Lamb Weston Holdings, Inc. (NYSE:LW) Q1 2021 Earnings Conference Call - Final Transcript
Oct 07, 2020 • 10:00 am ET
has created in our manufacturing operations, as well as controlling costs across the business.
With respect to the operating environment, we are optimistic about the sequential improvement, breadth and pace of recovery in restaurant traffic and fry demand. However, we also remain cautious about the uncertainty of the recovery stability with COVID continuing to be a challenge in the U.S. and some key international markets.
In the U.S., overall restaurant traffic and fry demand steadily improved early in the quarter, then largely stabilized at levels that were below what we saw just before the pandemic. Traffic at large quick service chain restaurants approached prior year levels, especially during the latter half of the quarter, by leveraging drive-through, takeout and delivery formats.
Full-service restaurant traffic also improved as the quarter progressed, then stabilized at about 75% to 80% of prior year levels as governments relaxed restriction for on-premise dining, and restaurants lean more on carry-out delivery and outdoor dining to generate sales.
Traffic and demand at non-commercial customers, which includes lodging and hospitality, healthcare, schools and universities, sports and entertainment and workplace environments remained at less than 50% of prior year levels for the entire quarter, although it did improve modestly as the quarter progressed.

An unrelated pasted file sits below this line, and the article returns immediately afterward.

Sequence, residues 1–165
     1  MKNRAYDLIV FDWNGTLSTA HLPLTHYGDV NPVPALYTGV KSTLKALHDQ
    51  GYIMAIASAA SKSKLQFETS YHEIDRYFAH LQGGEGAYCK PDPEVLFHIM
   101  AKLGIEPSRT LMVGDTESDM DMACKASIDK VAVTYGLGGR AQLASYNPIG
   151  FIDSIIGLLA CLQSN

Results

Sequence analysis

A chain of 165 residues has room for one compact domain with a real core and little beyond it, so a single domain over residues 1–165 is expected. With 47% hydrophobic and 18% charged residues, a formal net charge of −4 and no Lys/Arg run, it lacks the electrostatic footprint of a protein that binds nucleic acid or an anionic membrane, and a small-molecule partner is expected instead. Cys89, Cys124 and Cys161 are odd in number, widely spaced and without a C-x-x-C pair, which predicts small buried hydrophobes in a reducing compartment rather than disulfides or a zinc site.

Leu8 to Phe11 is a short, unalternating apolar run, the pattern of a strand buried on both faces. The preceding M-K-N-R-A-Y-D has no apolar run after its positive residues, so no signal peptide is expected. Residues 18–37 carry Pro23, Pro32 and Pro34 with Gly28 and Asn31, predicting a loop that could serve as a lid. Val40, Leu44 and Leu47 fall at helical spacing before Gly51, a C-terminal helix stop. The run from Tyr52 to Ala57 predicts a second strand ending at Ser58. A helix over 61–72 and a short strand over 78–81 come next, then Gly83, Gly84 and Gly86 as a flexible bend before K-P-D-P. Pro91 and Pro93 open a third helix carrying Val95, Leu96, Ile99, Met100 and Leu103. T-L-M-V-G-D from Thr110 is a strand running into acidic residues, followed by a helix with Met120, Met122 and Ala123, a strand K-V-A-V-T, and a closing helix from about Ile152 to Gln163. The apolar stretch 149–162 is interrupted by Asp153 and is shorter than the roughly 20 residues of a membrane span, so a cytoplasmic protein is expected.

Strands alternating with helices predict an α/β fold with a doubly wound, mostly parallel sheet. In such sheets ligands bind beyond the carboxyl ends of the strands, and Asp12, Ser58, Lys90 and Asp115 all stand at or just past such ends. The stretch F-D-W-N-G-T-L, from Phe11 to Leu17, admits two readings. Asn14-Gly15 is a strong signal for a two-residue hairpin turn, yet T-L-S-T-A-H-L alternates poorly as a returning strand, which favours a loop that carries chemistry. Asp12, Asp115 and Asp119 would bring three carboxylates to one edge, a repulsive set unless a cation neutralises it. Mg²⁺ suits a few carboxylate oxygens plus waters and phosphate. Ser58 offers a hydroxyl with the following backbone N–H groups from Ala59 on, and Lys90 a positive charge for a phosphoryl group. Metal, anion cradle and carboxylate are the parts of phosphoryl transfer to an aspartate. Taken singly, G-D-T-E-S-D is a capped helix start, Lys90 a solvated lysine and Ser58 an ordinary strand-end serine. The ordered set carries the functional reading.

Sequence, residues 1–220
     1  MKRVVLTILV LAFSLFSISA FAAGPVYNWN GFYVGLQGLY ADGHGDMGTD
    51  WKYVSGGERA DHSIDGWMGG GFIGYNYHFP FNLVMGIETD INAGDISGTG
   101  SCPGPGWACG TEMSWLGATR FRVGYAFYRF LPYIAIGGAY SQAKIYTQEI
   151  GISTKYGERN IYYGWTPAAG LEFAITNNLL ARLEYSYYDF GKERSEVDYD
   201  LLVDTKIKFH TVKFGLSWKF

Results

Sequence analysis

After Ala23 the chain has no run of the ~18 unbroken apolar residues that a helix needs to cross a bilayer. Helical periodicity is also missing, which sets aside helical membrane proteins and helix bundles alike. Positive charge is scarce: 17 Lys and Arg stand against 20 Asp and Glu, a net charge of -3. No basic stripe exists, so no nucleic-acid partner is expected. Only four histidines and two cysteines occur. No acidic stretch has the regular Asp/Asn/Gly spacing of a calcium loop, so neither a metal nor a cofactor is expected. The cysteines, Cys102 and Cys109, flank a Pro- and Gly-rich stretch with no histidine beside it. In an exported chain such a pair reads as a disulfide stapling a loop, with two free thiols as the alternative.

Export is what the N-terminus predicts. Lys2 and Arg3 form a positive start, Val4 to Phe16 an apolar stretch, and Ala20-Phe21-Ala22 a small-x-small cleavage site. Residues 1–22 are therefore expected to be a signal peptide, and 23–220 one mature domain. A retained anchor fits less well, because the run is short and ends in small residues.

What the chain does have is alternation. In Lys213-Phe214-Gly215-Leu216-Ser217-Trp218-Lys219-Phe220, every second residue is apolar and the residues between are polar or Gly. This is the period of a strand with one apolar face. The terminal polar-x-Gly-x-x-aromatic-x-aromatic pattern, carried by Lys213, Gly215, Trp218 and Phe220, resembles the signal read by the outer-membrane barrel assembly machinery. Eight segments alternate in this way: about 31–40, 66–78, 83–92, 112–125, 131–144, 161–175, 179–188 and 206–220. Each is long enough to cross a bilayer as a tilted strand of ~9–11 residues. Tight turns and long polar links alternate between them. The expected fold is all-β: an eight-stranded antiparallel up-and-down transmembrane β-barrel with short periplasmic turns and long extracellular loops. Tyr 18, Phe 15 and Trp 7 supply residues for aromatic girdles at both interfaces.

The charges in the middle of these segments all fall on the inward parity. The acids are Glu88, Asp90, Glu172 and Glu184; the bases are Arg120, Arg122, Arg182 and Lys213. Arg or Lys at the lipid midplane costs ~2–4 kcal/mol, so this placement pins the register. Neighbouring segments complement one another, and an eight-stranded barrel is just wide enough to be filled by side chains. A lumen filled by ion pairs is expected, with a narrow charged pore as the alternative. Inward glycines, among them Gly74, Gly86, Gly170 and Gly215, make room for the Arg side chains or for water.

In Retail, demand growth in the quarter was strong. After peaking at more than 50% weekly category volume growth in April and May, weekly volume growth steadily moderated to between 15% and 20% growth by August, as restrictions on restaurants eased.
In Europe, which is served by our Lamb-Weston/Meijer joint venture, fry demand approached prior year levels by the end of the quarter, although it's important to note that demand at this time last year was somewhat soft for us due to a poor potato crop.
Demand improvement in our other key international markets was mixed. In China and Australia, demand steadily improved and approached prior year levels by the end of the quarter. In our other key markets in Asia and Latin America, the improvement in demand was uneven as governments employed differing approaches to contain the spread of the virus.
In short, demand steadily improved in the U.S. and across most of our international markets as summer progressed, then stabilized below pre-pandemic levels.
Along with that steady recovery in demand, our teams leveraged lessons learned when COVID first hit and have adapted our operations to better manage through the current environment. As I noted earlier, since the onset of the pandemic, we've stepped up our employee safety and sanitation protocols at each of our manufacturing, commercial and support locations, which has resulted in earlier detection of COVID among our workforce.
We've also steadily become more efficient in minimizing disruptions to our manufacturing facilities and service levels, including isolating specific areas of our facilities that would be needed to shut down, sanitize and restart after members of our production team are affected by the virus, as well as increasing flexibility to adjust production schedules and run times across the network.
Our supply chain team has